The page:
Rio Olympic 2016: Refugee team gets a new flag and an anthem
The Refugee team which marched under the Olympic flag, have their own flag designed by a Syrian refugee.
This is the first time in the history of Olympics that a team of refugees is participating. Ten athletes of the team are not only inspiring the world with their survival stories but also with their brilliant performance in the Rio Olympics.
The Refugee Olympic team, who did not have a flag to represent themselves, walked under the Olympic flag and sang the Olympic anthem during the opening ceremony. The team recently got a flag to represent themselves and an anthem to bind them together. Both the flag and anthem are made by two Syrian refugees who supported the team with their talents.
When the team walked into the Maracana stadium in Rio for the opening ceremony, they received a standing ovation. They walked together in unity to represent their sheer will power to show that they can make impossible possible. Their confidence made the world believe that they are going to achieve something great.
During the ceremony, the refugees walked under the Olympic flag as they did not have a common symbol which could tie the athletes from four different nations together.
Now, the refugee athletes have a common symbol, sense of identity and recognition after the flag was designed by the Syrian refugee artist Yara Said. Yara completed her graduation at the Faculty of Arts at the Damascus University, left her country in search of a safe place.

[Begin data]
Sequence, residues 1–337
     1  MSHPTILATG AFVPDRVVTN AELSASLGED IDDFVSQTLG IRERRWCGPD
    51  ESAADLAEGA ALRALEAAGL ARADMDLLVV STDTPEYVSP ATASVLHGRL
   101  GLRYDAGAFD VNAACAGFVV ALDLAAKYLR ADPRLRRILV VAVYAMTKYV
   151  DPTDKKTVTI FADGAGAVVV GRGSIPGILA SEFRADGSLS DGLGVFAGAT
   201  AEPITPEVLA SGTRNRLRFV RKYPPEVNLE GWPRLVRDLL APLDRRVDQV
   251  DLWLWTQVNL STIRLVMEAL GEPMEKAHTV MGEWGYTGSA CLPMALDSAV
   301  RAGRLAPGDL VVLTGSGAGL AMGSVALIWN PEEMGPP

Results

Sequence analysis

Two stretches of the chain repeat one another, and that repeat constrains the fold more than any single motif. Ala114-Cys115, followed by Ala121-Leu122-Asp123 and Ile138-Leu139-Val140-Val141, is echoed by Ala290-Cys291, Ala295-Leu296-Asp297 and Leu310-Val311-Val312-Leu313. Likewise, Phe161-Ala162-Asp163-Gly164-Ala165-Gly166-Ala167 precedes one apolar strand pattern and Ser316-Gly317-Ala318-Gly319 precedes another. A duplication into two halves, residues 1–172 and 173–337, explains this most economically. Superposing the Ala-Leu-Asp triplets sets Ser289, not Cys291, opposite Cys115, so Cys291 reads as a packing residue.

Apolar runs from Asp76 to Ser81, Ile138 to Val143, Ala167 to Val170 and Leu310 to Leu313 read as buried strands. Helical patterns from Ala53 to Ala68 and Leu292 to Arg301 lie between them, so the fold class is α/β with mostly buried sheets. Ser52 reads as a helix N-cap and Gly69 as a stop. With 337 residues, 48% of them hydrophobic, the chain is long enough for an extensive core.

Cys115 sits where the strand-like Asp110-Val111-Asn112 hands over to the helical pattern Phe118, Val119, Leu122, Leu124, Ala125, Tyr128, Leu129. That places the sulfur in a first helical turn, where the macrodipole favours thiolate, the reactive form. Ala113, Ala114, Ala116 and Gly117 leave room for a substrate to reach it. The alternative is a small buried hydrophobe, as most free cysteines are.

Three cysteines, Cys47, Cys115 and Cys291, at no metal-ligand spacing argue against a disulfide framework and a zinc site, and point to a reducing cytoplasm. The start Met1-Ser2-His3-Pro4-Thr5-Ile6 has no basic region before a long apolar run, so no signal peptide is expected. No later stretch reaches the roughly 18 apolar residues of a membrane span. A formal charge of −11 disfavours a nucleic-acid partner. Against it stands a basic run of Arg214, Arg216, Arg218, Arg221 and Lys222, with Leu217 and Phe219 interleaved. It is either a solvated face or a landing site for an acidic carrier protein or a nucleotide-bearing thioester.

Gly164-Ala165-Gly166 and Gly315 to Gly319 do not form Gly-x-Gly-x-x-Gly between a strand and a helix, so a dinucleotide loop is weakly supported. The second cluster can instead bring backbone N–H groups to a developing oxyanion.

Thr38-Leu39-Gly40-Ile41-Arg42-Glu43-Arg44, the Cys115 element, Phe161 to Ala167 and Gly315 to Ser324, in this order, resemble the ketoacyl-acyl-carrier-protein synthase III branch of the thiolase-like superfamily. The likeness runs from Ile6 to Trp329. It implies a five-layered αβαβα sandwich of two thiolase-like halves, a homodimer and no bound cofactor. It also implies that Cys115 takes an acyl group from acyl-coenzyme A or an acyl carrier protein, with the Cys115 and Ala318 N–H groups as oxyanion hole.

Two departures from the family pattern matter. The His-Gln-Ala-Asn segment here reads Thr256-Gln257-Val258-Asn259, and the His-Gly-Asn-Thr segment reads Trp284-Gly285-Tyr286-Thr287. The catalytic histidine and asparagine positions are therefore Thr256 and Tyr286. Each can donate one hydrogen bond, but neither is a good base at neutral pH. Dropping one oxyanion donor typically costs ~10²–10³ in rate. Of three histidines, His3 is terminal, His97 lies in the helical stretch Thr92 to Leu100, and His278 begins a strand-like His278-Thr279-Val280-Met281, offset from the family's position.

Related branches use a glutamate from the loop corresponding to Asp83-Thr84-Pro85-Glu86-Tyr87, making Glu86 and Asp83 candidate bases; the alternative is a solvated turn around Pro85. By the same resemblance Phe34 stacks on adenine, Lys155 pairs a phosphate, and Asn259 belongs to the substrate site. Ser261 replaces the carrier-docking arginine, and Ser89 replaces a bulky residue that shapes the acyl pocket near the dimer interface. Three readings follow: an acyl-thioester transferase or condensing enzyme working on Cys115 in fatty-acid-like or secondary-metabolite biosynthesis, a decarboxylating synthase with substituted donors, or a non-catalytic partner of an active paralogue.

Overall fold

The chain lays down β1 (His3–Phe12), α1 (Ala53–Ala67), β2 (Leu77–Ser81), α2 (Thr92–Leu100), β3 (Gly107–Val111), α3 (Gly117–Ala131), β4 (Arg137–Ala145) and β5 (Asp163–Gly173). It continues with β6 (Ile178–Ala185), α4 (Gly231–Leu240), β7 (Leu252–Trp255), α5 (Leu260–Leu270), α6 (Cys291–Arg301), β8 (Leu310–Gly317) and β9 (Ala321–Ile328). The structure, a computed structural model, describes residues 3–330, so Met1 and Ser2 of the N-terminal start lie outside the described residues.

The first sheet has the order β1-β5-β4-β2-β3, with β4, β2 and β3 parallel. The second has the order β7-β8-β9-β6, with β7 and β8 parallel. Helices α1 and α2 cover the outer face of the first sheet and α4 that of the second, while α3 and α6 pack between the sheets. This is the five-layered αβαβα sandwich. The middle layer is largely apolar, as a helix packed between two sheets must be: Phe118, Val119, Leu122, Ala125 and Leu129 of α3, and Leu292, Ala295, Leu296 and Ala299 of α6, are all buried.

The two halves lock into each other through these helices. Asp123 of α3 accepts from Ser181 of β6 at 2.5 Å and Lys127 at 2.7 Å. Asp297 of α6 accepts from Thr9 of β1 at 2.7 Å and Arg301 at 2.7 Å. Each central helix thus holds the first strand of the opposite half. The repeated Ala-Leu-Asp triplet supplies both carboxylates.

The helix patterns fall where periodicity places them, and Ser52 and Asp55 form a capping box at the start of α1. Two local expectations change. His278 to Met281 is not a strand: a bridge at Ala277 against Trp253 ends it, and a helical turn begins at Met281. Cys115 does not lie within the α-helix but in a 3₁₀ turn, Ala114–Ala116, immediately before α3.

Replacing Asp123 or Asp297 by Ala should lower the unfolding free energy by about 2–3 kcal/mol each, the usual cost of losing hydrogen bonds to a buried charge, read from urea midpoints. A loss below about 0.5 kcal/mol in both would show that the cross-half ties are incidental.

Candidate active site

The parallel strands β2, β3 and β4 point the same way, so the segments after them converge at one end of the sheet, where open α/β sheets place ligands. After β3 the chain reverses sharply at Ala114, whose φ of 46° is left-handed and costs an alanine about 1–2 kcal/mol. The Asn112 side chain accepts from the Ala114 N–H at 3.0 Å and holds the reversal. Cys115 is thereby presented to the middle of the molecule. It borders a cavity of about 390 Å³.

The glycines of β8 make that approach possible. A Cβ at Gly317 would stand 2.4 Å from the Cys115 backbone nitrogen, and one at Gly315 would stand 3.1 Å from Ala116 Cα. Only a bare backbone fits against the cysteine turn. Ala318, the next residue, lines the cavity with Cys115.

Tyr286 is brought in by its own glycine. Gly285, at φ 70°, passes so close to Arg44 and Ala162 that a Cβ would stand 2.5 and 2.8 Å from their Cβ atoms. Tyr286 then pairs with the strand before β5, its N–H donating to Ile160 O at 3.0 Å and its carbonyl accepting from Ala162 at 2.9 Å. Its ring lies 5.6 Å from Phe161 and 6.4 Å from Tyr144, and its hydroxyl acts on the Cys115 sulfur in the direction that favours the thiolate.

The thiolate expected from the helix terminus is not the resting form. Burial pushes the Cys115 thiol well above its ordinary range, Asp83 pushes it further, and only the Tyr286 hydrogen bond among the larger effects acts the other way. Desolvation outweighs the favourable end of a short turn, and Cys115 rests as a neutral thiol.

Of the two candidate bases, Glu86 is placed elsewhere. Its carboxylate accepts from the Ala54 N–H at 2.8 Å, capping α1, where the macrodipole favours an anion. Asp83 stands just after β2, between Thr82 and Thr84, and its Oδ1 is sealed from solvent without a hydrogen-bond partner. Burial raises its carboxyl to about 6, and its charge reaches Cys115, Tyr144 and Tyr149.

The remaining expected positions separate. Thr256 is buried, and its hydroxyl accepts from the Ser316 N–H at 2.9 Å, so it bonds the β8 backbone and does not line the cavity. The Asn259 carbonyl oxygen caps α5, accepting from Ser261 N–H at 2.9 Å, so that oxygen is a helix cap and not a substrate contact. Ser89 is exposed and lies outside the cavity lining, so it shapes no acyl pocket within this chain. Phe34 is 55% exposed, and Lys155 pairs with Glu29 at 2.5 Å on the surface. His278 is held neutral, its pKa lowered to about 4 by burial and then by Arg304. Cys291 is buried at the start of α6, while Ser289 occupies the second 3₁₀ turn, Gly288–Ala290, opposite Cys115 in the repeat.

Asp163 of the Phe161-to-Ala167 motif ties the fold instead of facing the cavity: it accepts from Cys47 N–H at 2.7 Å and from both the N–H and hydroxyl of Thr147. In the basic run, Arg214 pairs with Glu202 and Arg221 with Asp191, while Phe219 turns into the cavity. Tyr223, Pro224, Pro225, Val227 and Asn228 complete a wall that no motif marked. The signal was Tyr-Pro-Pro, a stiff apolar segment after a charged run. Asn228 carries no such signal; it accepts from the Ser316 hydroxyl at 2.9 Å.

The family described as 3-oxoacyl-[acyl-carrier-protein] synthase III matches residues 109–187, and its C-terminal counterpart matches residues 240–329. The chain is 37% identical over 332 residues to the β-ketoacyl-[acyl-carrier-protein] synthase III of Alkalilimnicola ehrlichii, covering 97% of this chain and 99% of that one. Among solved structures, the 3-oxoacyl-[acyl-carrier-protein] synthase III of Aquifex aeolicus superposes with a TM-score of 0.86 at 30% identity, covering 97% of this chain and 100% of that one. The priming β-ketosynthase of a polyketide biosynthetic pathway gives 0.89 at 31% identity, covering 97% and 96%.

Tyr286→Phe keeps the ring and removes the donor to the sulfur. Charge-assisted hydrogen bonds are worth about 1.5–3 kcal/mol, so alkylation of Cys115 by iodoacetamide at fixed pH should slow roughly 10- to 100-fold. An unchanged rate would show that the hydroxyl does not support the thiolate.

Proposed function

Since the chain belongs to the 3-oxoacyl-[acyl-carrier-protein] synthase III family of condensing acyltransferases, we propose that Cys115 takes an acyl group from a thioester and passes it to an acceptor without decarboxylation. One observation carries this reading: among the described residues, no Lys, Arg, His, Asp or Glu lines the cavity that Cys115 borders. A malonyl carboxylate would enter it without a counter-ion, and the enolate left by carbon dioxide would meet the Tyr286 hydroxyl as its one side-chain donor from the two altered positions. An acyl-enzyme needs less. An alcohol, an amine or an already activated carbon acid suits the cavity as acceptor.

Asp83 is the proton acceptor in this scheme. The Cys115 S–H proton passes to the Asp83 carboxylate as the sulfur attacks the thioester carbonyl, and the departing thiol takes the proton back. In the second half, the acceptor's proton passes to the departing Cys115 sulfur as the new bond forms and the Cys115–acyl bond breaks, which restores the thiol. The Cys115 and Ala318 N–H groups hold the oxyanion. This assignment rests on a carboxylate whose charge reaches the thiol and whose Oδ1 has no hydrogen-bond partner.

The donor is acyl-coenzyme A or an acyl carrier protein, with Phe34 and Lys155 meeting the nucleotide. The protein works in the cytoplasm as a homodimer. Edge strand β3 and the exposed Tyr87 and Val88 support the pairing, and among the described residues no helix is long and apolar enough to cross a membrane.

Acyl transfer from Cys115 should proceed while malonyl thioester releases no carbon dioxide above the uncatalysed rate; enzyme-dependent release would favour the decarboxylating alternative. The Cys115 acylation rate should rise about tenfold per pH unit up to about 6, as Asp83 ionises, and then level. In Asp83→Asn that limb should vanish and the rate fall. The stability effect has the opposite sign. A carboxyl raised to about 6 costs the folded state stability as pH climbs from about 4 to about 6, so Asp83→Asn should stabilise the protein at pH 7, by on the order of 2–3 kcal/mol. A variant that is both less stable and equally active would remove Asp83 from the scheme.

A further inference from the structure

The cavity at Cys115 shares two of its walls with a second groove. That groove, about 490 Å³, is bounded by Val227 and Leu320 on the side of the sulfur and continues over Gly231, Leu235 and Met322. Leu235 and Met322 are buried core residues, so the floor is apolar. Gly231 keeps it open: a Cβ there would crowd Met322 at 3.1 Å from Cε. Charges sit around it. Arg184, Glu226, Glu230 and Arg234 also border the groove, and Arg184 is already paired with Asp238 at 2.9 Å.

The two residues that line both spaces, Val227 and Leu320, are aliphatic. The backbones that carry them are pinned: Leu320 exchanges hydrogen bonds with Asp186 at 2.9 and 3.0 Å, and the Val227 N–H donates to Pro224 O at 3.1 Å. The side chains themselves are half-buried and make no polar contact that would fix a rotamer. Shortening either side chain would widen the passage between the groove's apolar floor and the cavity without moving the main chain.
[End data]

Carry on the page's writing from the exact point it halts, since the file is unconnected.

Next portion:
As per the report, the artist, who now lives in Amsterdam, said, "Black and orange (colors of the life vests) is a symbol of solidarity for all those who crossed the sea in search of a new country. I myself wore one, which is why I so identify with these colors—and these people.”
The Refugee Anthem
The refugee team, who were facing problems due the Olympic protocol to have an anthem, now have an anthem of their own. A Syrian refugee and composer Moutaz Arian, who now lives in Istanbul, wrote the anthem for the refugee team.
Arian, who was studying music at the University of Damascus, had to flee his country after being threatened with conscription into Assad’s army. The composer said, "I want to make music not just for Kurds or Arabs, but for the whole world.”
This team did not represent any nation, but they represented unity. Like every other athlete in the world, these refugees too dreamt to be a part of the Olympics games. The Refugee Olympic team and their inclusion in the game prominently reflected the steady growth of refugees, their crisis and laid a light on the plight of millions displaced by war and conflict across the globe. For them and the world, not just medals, even their participant in the game is a big thing.
Yusra Mardini, who won her 100-metre butterfly heat on Saturday, was a teenage swimmer from Syria who braved a Mediterranean crossing in a leaky dinghy. Mardini was joined in the pool by fellow swimmer Rami Amis, who also fled Syria as a refugee.
Her teammate Popole Misenga defeated Indian judoka Avtar Singh in the second round of the Men’s 90kg elimination Round of 32. Misenga spent eight days hiding in a forest as a terrified child to flee violence and fighting.